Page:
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Sep 24, 2016

I Interview Playwrights Part 876: Laura Rohrman

Photo by Jody Christopherson

Laura Rohrman

Hometown:  Penngrove, California

Current Town: New York City

Q:  Tell me about your upcoming show:

A:  I have two upcoming shows in New York City this fall.

“My Life As You,” a full-length romantic comedy, opening September 23rd at Shetler Studios and another short one-act called “Monster’s Ball” opens on October 6th as part of the Thalia Festival.

“My Life As You” is a psychological romantic comedy that centers around one woman’s journey of self-discovery. It’s set in Chicago in the late nineties. It’s fun and sexy. The two strong female lead characters dive into an intense battle to find something in this world that will ground them. It’s the big existential crises of being in your early twenties. Neither woman really knows who she is yet or what she wants. The women face this dilemma in charming and alarming ways. So in essence, it’s about that deep search we all go through. And on the simpler side, it’s about maneuvering through friendships, break ups and getting ahead in our careers. It’s really a survival booklet for your twenties.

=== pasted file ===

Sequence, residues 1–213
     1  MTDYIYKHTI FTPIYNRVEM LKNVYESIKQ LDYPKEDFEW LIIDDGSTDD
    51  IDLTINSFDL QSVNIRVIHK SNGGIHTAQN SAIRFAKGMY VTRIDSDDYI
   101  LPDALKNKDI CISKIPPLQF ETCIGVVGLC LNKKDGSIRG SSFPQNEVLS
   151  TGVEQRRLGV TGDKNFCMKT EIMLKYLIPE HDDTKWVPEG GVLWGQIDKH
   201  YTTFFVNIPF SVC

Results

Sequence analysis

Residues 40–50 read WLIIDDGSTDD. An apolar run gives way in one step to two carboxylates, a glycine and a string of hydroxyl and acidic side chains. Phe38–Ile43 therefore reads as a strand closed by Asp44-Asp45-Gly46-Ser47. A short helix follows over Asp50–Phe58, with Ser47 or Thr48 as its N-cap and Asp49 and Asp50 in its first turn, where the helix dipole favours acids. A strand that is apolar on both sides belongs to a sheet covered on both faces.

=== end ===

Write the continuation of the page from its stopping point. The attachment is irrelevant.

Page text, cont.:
This play was produced 10 years ago and I was surprised that it went over so well. We had sold-out shows and standing ovations. Obviously the subject of self-discovery is universally understood. We also had a remarkable cast: Kelli Porterfield, Ashley Wren Collins, Stuart Lopetan and Jeff Branson (who was on “All My Children” at the time). The play was directed by the fabulous Fritz Brekeller.

Q:  What else are you working on now?

A:  I’m working on a play called “Reporter Girl.” It’s about the life of my maternal grandmother, Dale Messick, who created “Brenda Starr Reporter,” a popular comic strip that debuted in 1940 and lasted for over 70 years in print.

I also have a TV show in development.

Q:  Tell me, if you will, a story from your childhood that explains who you are as a writer or as a person.